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Updated: Thu, 31 May 2012 19:49:38 GMT | By pa.press.net

Ethiopia: Ibrahim Jeilan

Born: 12/06/1989


Ibrahim Jeilan shows his 10,000 metres gold medal at the 2011 World Championships. (© Press Association)

Ibrahim Jeilan shows his 10,000 metres gold medal at the 2011 World Championships.

Born: 12/06/1989

Place of birth: Bale, Ethiopia

Event: Athletics

Previous Olympics: 0

Previous medals: 0

The influence of legendary long-distance runner Haile Gebrselassie has extended far beyond his native Ethiopia, and even the Olympic Games.

However, for Ibrahim Jeilan, the inspirational achievements of his compatriot on the biggest sporting stage of all 12 years ago had a bigger impact than he could ever have imagined.

Had it not been for Gebrselassie's memorable triumph in the 10,000 metres at the Sydney 2000 Olympics, Jeilan's destiny could have been very different.

At those Games in Australia, Gebrselassie produced an astonishing burst of pace on the final stretch to surge past rival Paul Tergat of Kenya. It was his second Olympic gold medal in the 10,000m after his success in Atlanta four years earlier, and the pinnacle of an amazing career.

It was also a critical moment in the life of an 11-year-old Jeilan, listening on a radio at his home in Bale Province thousands of miles away in eastern Africa.

Having heard one of the most thrilling conclusions to a race in the history of the Olympics, the youngster was spurred into action, and he started training as a runner immediately.

His journey to potential glory has not been straightforward, though.

Jeilan competed in the 5000m and 10,000m at district level, but he failed to qualify for the regional team. It was not until the age of 16 that he first represented his country, and in 2006 he was rewarded with his first international title - a gold medal in the 10,000m at the IAAF World Junior Championships in Beijing.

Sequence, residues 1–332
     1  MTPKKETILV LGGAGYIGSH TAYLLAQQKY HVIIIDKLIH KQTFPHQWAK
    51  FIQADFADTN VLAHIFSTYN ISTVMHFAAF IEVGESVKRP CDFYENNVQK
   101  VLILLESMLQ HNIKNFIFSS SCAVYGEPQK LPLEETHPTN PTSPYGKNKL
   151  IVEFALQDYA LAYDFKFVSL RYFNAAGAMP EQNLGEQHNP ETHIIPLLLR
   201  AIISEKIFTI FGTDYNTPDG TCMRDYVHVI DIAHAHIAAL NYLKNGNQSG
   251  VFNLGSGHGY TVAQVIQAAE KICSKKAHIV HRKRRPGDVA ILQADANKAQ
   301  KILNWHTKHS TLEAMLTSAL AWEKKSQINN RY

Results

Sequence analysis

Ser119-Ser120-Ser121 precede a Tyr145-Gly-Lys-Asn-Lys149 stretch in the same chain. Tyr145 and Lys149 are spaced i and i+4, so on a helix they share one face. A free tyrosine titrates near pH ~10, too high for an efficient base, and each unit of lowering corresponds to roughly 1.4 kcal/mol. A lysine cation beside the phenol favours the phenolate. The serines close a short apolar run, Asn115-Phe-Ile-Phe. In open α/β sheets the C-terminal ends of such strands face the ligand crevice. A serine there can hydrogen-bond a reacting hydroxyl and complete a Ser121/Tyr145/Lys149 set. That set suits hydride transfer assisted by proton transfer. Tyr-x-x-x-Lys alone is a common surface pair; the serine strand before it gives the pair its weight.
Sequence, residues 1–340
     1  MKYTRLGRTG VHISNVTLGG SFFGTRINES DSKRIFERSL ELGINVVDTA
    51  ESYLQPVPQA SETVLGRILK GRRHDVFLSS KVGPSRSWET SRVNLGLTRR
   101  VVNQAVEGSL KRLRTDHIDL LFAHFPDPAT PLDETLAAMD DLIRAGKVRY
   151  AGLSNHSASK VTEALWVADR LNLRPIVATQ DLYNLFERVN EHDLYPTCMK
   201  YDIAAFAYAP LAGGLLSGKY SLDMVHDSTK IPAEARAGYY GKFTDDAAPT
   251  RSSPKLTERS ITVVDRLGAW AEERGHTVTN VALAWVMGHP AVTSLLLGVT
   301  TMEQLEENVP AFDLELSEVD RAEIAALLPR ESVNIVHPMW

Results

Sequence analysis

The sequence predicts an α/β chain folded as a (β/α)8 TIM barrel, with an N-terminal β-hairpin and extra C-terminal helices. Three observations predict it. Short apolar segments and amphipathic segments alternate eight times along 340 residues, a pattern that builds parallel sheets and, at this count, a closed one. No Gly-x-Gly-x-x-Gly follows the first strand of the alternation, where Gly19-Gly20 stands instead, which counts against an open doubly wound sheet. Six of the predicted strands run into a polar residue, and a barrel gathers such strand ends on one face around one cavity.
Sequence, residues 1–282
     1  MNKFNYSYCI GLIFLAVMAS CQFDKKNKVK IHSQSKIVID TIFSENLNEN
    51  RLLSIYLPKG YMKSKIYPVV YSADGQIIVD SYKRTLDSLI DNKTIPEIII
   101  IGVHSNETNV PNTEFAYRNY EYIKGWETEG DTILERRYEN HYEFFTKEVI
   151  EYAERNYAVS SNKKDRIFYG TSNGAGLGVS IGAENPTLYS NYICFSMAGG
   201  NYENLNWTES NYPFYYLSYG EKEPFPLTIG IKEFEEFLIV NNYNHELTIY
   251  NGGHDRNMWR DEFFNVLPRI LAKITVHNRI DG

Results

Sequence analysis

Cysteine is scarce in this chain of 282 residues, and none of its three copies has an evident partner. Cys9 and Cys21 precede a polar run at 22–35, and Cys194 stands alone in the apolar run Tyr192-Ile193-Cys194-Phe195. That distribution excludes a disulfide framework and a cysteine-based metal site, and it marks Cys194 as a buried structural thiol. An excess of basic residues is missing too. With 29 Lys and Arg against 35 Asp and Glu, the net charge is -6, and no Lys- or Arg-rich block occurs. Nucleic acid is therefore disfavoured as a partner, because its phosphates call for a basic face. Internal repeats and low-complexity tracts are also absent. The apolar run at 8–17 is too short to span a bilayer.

Another gold medal followed in the junior race at the 2008 IAAF World Cross Country Championships in Edinburgh, but his early promise was not recognised by everyone.

Frustrated by missing out on a place in the Ethiopia team at Beijing 2008, Jeilan opted to pursue his dream away from his homeland.

A move to the Japanese corporation-backed athletics system in 2010 provided him with different surroundings and a different climate. It also provided a stable income, enabling the ambitious Jeilan to concentrate on his training.

His move to the Honda team in Saitama, near Tokyo, has paid off, and he is now one of the most respected athletes over 10,000m in the world.

In 2011, he claimed gold at the All-Africa Games in Maputo, Mozambique, but the greatest triumph in his career to date came later that year.

In a performance that was reminiscent of his idol Gebrselassie, Jeilan sprinted past Great Britain's Mo Farah in the final 20 metres to win gold at the IAAF World Championships in Daegu, South Korea.

Ironically, London 2012 may represent Gebrselassie's grand finale on the competitive stage, but in Jeilan it seems increasingly likely that Ethiopia will not have to look far for a new hero.